I was incensed when I first saw the following event posted on Facebook:
מבצע ביעור חמוץ - Operation Bi'ur HamutzI was all ready to rant and rave and vomit anger all over this blog.
Last Monday, the Malha Mall was the scene of a deeply disturbing incident in which some 300 individuals attacked workers and customers of Arab origin, while calling out "death to Arabs"
That is not our Jerusalem, and we won't sit idly by upon such an attack against a group that constitutes an integral part of the city's social fabric and life.
There is now a petition demanding that the perpetrators be brought to justice , but we don't believe that's enough.
We plan to meet this coming Wednesday at Malha Mall to counterbalance the sour taste left by that incident -- and distribute some sweetness (and sweets!) to the workers and to other visitors at one of the most notable centers of openness and coexistence in the city of Jerusalem. (continued below)
Then, I calmed down, and said to myself, "Wait a minute. Who's actually going to this?"
Now, that I have checked the guest list, I see that it is filled with lefties, mainly. At least I think. How דתיים בהר צופים (Religious Jews on Mt. Scopus) could be involved, I do not know. The guy running that page could be in the minority in views, or at the very least, completely ignorant of the various terror attacks carried out by Arab employees, including the 2002 Hebrew University Massacre on Mt. Scopus.
So, what's the big surprise about lefties going to an Arab love fest? One guy on the event page even mentioned the traditional Leftist custom of having people bussed in from Tel-Aviv. That is, after all, the only way the Left can achieve a decent attendance at any of its demonstrations in Jerusalem. It's just business as usual.
They will go hand out candy to the Yishma'eli (Arab) workers, who then will laugh to themselves at how stupid the mostly Askenazi and Ashkenazified Jews are. (The North African Jews and Jews from the East know first-hand just how insane this is).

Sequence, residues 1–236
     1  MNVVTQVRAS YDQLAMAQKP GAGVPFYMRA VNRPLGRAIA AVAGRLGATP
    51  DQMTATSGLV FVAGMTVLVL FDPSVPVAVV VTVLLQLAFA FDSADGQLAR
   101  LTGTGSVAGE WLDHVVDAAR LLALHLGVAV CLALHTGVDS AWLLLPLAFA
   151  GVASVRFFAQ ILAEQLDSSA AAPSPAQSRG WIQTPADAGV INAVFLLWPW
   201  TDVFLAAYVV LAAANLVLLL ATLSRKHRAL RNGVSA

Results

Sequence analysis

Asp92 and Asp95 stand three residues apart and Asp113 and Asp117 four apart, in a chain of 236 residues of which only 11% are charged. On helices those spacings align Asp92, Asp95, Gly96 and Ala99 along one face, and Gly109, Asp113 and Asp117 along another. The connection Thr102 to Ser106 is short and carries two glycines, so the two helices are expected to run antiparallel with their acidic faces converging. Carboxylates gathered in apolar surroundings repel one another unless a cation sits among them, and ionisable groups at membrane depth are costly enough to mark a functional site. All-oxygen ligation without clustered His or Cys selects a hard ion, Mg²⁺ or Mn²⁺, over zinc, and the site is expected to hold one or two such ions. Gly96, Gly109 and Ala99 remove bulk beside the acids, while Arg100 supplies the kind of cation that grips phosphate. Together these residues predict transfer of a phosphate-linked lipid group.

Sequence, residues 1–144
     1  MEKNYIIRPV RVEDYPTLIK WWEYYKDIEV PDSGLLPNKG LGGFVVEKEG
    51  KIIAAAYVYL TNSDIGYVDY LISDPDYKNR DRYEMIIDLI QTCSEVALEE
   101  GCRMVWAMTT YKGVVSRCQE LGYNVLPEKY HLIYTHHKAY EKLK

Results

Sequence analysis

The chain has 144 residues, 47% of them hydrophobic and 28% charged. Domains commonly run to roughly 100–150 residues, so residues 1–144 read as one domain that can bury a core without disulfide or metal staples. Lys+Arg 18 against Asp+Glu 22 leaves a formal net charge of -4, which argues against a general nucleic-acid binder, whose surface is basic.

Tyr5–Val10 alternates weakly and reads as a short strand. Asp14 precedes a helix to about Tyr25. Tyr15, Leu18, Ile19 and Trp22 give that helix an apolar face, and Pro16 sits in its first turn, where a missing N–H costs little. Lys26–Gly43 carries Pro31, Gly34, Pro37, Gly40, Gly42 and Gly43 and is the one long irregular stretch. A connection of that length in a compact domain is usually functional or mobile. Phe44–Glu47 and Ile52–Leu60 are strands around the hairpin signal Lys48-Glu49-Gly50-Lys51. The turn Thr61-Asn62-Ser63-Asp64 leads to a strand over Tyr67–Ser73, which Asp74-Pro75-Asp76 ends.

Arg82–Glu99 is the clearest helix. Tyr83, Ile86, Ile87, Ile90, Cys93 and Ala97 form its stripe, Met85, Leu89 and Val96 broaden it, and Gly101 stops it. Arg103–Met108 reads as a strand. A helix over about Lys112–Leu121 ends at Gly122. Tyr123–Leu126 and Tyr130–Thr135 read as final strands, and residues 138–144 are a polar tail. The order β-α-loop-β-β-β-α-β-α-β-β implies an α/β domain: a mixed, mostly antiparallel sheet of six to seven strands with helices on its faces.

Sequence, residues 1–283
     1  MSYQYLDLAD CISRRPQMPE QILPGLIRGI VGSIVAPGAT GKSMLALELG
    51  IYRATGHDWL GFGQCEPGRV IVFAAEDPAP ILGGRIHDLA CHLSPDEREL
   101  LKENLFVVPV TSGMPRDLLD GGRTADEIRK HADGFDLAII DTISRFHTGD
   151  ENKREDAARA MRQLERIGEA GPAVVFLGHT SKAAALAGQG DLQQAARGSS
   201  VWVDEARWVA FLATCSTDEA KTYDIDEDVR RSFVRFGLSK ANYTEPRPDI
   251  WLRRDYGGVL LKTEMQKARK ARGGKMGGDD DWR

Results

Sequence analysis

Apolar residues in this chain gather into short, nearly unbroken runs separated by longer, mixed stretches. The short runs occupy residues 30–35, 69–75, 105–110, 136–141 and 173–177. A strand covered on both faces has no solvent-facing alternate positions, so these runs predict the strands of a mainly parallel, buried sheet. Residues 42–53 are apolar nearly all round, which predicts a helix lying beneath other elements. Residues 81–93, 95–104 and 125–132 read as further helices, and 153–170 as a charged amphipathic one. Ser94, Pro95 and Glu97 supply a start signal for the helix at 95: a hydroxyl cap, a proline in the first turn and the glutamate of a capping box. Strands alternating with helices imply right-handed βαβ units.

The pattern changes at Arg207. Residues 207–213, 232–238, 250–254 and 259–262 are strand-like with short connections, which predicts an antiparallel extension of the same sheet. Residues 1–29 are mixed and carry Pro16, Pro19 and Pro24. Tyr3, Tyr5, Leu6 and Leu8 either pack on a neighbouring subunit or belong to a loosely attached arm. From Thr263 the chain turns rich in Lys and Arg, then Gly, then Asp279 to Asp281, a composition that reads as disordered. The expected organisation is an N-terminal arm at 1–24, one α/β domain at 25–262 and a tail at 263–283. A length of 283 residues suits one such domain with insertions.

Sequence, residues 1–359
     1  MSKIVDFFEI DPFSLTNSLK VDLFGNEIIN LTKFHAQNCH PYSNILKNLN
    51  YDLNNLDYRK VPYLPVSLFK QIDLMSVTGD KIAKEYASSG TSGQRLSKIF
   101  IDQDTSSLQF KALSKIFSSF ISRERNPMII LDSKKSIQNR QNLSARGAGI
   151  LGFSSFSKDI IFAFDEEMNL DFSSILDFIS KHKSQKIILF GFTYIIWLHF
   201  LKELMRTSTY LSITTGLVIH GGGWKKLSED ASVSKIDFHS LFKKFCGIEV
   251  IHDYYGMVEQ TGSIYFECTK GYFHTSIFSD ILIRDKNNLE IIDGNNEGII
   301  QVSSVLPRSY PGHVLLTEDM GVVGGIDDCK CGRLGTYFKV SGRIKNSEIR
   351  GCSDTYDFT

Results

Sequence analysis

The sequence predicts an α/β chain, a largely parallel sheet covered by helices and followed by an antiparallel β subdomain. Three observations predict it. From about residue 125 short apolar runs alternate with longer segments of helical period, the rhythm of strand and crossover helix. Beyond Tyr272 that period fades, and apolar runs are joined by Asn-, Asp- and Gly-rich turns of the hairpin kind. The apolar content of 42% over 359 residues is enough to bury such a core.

They will banter back and forth in Arabic, making filthy comments about the women, of course, lie through their teeth a bit in Hebrew, then go home and give their wives and children a good laugh about the utterly insane Jews they saw at work that day. Their kids might even get some candy out of it, too.
I don't think anyone connected to this event would pay attention to anything I say. I will simply tell you that anyone even remotely connected to Torah (That is for whom I am bothering to write this response), and is also connected to this event is completely unaware that "Western-progressive-assimilationist sensibilities are not automatically compatible with Jewish ones." They are, in fact, quite distinct from one another.
After 2,000 years of living in exile, it is understandable that we, as a people, have gotten confused about this fact. I could say much more, but I do not think that there would any point to it. I would like to mention the misswath lo ta'aseh (negative Torah commandment) of "Lo Tehonem," and its various implications and applications (Deut. 7:2, Ramba"m Hil. AZ 10). I also wanted to mention several concepts related to a milhemeth misswah (obligatory war). But, what would be the point?
I knew that I would not bother mentioning the potential problem of mesirah. The concept is light years ahead of where most of the Jews attending Operation Bi'ur Hamutz are spiritually.
But, I HAD to write something, and לא תעמוד על דם רעך "not stand idly by." But, I also knew that what and how I said it would be crucial, if I were to succeed in reaching even one set of participants' ears.
A friend told me that he heard from Rabbi Ya'akov Haber at Yeshivat Darkei No'am, that there are three things which prevent a Jew from seeing the truth, when confronted with evidence of it:
גאווה תאווה והרגל
pride, desire, and habit
I knew better than to address the first two in this post. It would have gone into one ear and out the other. I stuck with "Door No. 3," hoping that would make some kind of impression, in spite of 2,000 years of it.
(continued from above) We'll meet at 7:30 p.m. near the fountain on the bottom floor, across from the Mega supermarket. At the end of the "operation," we will meet at the food court on the middle floor for dinner (to be covered by each participant individually) and informal discussion.
Come -- and bring candy! (This is a great opportunity to get any leftover Mishloah Manot and sweets out of the house ahead of the holiday! Alternatively, you can come a bit early and pick up some candy at the mall.)
Please wear a blue article of clothing -- a shirt, a scarf, a kippah, a headband, etc. -- in order to identify you with the group.
See you on Wednesday!
The name of this event is a play on words -- "bi'ur hametz" is the process by which leavened products are removed from one's home and then burned ahead of Passover, which takes place next week. "Bi'ur hamutz" literally means "burning away the sourness," which is precisely what we seek to do with this small, "sweet" gesture.
When you are kind to the cruel, you eventually end up being cruel to the righteous.